Experimental Therapy for Brain Injury

SHARE PAGE:

"You never know what can happen, so that's why I tell mothers to save every child's cord blood."
- Cathy Pell

The power of a mother’s love

Catherine Pell is a mother who won't take no for an answer, especially when it comes to Abby, the youngest of her five children with husband, William. Now 7 years old, Abby was born with anoxic brain injury, a condition caused by a lack of oxygen to her brain during birth.


Abby was born with anoxic brain injuryAn evaluation at Children's Hospital in Washington, D.C. when she was 2 months old, revealed moderate to severe brain damage in three out of the four lobes in Abby's brain. Doctors predicted her development would likely be abnormal.

Committed to finding a treatment to help their daughter, the Pell's took a bold step. They were familiar with recent stem cell research, and had banked Abby's cord blood with CBR. All they needed now was a doctor who would use it to treat Abby.

The journey begins

Cathy consulted the neurologists at the Developmental Clinic at Children's Hospital, where Abby was first evaluated. "I asked, begged, and pleaded with them," said Cathy. "I have the cord blood, can't we do something?"


An autologous neurological stem cell infusion had never been performed before, and doctors were unwilling to perform the experimental treatment. Many physicians told the family that trying to repair the damage wouldn't work.

Cathy went to The National Institute of Health (NIH) and the Mayo Clinic but was turned down by both. "I can't understand it," said Cathy. "I could go around the corner and get Botox® injections and liposuction, but I can't get a 20-minute IV given to my daughter with her own stem cells."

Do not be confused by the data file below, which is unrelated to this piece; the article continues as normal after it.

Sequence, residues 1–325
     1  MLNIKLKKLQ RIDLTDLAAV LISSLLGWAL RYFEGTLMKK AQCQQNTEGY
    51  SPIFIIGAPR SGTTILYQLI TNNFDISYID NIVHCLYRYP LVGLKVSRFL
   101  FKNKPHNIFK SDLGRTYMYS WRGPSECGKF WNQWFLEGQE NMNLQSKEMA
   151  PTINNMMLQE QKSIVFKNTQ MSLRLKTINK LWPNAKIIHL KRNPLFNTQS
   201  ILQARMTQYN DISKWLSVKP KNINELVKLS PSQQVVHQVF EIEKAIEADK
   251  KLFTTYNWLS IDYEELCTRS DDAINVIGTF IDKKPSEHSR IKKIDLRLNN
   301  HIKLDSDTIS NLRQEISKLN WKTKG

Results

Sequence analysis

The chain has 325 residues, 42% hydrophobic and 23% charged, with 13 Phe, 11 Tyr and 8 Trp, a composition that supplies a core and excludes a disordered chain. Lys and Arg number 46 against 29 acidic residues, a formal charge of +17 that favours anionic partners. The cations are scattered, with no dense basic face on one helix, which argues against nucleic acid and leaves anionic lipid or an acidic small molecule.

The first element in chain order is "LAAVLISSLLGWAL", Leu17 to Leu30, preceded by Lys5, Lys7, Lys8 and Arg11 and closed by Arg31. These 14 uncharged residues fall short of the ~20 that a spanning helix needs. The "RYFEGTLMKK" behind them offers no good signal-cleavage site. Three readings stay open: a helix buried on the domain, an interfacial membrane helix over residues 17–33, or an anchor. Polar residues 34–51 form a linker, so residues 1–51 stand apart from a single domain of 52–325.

An answer for Abby

Unwilling to give up Cathy, contacted Dr. Joanne Kurtzberg at Duke University in North Carolina. She did however, offer the solution they were searching for. "She told me that since we had saved Abby's cord blood and were willing to bring her to North Carolina, that she would do the transfusion," explained Cathy.


The Pell's packed their bags and took young Abby to see Dr. Kurtzberg. Upon Dr. Kurtzberg's request, CBR immediately transferred Abby's stem cells to Duke University. Abby was the first child to undergo the experimental transfusion for her type of brain damage, using her own newborn stem cells, on February 15, 2005.

Abby Today

Doctors cannot guarantee that stem cell transfusions will work. What they do know is that a child’s brain undergoes maximum development during the first two years of life. If the stem cells are going to help, they have the best chance of working when given at a very young age.

Six years after the transplant, William and Cathy are convinced the transplant was the right choice for Abby. "I saw results almost immediately. Just two weeks after the procedure, she really looked at me and smiled; we connected for the first time," said Cathy.

Abby is attending school and continues to make small improvements in multiple areas. She recently began walking, and her progress in this area is expected to improve even more after she recovers from ankle surgery.


‹ Prev Next ›